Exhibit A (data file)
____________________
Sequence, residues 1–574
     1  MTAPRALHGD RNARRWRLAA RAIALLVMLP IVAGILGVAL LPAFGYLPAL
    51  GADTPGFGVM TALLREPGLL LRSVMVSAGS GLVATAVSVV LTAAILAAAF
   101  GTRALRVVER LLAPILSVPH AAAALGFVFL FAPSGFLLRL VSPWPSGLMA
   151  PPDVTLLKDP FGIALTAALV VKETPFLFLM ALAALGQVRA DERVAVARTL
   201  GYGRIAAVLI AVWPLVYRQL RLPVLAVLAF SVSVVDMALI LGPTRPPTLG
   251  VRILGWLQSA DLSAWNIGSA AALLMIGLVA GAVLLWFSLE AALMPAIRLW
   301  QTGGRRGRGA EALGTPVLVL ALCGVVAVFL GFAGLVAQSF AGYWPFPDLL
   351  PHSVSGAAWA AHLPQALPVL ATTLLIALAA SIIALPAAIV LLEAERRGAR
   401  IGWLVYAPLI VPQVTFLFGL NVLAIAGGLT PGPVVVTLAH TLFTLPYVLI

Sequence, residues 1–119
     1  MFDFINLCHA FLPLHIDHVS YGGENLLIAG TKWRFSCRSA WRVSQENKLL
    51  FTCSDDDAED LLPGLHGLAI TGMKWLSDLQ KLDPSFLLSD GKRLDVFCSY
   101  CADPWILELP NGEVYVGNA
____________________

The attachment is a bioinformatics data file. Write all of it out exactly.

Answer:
Sequence, residues 1–574
     1  MTAPRALHGD RNARRWRLAA RAIALLVMLP IVAGILGVAL LPAFGYLPAL
    51  GADTPGFGVM TALLREPGLL LRSVMVSAGS GLVATAVSVV LTAAILAAAF
   101  GTRALRVVER LLAPILSVPH AAAALGFVFL FAPSGFLLRL VSPWPSGLMA
   151  PPDVTLLKDP FGIALTAALV VKETPFLFLM ALAALGQVRA DERVAVARTL
   201  GYGRIAAVLI AVWPLVYRQL RLPVLAVLAF SVSVVDMALI LGPTRPPTLG
   251  VRILGWLQSA DLSAWNIGSA AALLMIGLVA GAVLLWFSLE AALMPAIRLW
   301  QTGGRRGRGA EALGTPVLVL ALCGVVAVFL GFAGLVAQSF AGYWPFPDLL
   351  PHSVSGAAWA AHLPQALPVL ATTLLIALAA SIIALPAAIV LLEAERRGAR
   401  IGWLVYAPLI VPQVTFLFGL NVLAIAGGLT PGPVVVTLAH TLFTLPYVLI

Sequence, residues 1–119
     1  MFDFINLCHA FLPLHIDHVS YGGENLLIAG TKWRFSCRSA WRVSQENKLL
    51  FTCSDDDAED LLPGLHGLAI TGMKWLSDLQ KLDPSFLLSD GKRLDVFCSY
   101  CADPWILELP NGEVYVGNA